While the NFL signed a new broadcast deal for Thursday Night Football with CBS and NBC Feb. 1, it’s indicated that it still wants to sell a package of streaming rights separately. A Re/code report last week indicated Facebook, Amazon and Verizon were the leaders in bidding for that package, and Facebook vice-president of partnerships Dan Rose told Variety‘s Todd Spangler Monday that his company is in fact interested, and might also look at sports content beyond just games:
In an interview Monday with Variety, Dan Rose, Facebook’s VP of partnerships, confirmed the social-media giant is in discussions with the NFL about securing rights to live-stream games and has reached out to Hollywood agents to bring actors, athletes, music artists and others into its live-streaming fold.
“We’re talking to a lot of folks about live (video). There are a ton of types of content that can fit under this format,” Rose said.
Regarding the NFL, which is shopping an over-the-top package for next season anchored by “Thursday Night Football” games, Rose said, “We’ll see” if Facebook ends up landing those rights. Other bidders include Amazon.com and Verizon, according to industry sources.
Beyond live game broadcasts, Facebook also would be interested in serving up additional content before or after games in the locker room, behind the scenes or on the field itself. “There’s a lot of interesting things we can do with sports,” Rose said. He added, “If you think about how people engage on Facebook today, it’s not really around watching three hours of video.”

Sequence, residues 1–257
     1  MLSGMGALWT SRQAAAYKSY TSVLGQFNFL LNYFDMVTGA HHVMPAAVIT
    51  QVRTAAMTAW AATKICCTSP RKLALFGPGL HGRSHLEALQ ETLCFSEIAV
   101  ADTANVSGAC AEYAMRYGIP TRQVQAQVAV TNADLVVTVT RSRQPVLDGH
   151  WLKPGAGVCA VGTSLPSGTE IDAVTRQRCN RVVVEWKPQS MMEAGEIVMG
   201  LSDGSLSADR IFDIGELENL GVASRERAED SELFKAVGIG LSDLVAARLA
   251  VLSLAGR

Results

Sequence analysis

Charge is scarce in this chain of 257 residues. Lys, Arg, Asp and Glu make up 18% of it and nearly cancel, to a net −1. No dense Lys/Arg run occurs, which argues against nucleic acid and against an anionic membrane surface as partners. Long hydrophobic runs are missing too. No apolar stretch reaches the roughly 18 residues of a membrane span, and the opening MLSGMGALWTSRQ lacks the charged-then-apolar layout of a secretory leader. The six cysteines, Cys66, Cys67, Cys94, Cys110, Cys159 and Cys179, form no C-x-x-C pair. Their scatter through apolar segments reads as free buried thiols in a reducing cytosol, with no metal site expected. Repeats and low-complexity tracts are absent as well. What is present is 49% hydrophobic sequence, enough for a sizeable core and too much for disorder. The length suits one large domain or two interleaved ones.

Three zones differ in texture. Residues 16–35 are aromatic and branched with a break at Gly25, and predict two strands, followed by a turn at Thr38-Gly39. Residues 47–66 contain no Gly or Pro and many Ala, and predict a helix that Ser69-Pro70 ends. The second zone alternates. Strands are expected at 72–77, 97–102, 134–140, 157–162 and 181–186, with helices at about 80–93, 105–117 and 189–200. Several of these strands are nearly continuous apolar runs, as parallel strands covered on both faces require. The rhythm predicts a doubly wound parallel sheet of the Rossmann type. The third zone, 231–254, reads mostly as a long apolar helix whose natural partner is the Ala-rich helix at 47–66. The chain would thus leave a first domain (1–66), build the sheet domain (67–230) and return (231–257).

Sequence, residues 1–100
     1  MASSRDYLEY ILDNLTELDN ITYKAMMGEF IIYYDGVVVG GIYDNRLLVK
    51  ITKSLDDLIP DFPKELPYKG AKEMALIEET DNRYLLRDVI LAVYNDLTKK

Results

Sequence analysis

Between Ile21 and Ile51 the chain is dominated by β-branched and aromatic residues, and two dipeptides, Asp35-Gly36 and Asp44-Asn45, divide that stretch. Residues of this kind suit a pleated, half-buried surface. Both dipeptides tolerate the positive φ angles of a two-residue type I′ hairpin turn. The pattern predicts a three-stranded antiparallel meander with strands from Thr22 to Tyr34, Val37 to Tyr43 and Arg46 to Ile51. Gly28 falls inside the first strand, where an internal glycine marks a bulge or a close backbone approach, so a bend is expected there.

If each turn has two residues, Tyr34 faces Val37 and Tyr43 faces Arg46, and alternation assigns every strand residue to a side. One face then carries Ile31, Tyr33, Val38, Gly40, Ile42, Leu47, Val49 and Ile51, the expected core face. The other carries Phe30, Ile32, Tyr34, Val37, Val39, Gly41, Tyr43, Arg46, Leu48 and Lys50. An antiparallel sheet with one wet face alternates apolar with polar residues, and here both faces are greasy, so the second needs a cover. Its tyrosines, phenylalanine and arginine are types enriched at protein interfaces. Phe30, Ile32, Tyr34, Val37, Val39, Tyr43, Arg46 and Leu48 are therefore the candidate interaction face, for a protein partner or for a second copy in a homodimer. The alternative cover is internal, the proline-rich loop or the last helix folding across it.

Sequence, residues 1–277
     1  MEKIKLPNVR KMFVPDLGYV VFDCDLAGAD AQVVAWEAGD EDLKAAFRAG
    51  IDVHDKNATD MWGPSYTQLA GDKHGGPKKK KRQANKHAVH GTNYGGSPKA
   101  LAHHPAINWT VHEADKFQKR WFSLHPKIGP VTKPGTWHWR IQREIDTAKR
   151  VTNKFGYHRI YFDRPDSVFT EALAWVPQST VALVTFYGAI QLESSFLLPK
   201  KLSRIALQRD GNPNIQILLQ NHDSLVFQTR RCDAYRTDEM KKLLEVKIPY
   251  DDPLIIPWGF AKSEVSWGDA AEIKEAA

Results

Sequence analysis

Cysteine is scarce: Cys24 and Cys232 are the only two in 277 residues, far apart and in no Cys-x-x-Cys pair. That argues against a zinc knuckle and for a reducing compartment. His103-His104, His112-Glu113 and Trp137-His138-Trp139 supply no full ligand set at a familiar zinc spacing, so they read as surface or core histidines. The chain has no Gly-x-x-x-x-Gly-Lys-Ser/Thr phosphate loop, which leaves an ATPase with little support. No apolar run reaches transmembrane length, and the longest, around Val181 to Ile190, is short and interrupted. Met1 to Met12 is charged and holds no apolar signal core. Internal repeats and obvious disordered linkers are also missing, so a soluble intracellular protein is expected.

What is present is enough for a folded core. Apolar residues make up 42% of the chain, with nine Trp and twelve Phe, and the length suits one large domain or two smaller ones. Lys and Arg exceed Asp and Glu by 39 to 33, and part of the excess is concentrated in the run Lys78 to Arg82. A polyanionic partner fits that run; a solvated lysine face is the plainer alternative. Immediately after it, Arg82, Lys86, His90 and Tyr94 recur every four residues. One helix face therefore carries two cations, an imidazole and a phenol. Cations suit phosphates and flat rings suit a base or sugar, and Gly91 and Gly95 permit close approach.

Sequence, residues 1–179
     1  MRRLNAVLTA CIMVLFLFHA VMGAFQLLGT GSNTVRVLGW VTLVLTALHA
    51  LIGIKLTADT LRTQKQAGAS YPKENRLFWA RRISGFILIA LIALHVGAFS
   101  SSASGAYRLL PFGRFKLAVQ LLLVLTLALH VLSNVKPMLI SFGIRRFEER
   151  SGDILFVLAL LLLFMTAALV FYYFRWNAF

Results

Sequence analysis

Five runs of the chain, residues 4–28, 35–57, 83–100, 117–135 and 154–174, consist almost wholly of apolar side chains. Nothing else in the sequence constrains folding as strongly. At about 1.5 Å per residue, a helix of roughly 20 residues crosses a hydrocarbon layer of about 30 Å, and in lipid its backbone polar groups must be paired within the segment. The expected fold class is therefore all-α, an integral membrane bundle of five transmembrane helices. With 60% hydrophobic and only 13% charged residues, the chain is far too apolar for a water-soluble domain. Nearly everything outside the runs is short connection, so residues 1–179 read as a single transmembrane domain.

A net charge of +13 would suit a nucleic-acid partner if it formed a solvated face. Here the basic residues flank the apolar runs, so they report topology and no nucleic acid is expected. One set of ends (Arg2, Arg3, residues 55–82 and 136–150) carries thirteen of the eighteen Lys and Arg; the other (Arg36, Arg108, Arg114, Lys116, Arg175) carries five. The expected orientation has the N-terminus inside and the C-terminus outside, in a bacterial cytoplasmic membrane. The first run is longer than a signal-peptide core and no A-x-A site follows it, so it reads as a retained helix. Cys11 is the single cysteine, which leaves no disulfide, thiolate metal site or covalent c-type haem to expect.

“I’m not going to rule anything out. We’ll try a lot of different ideas,” Rose continued. “There are a lot of different cuts you can imagine.”
This is all part of Facebook’s bigger push for live video, which has involved paying celebrities for regular broadcasts, and is seen as a highly-lucrative area thanks to its engagement metrics and social quality. They’re looking into a revenue-sharing program for this long-term, and are exploring other monetization pathways. However, much of their content seems focused on short broadcasts from athletes and celebrities at this point, and Rose’s comment that “it’s not really around watching three hours of video” may mean they’re not going to make a huge bid for NFL game rights alone. We’ll see how this plays out, and if Amazon and Verizon see a game feed as potentially more valuable.
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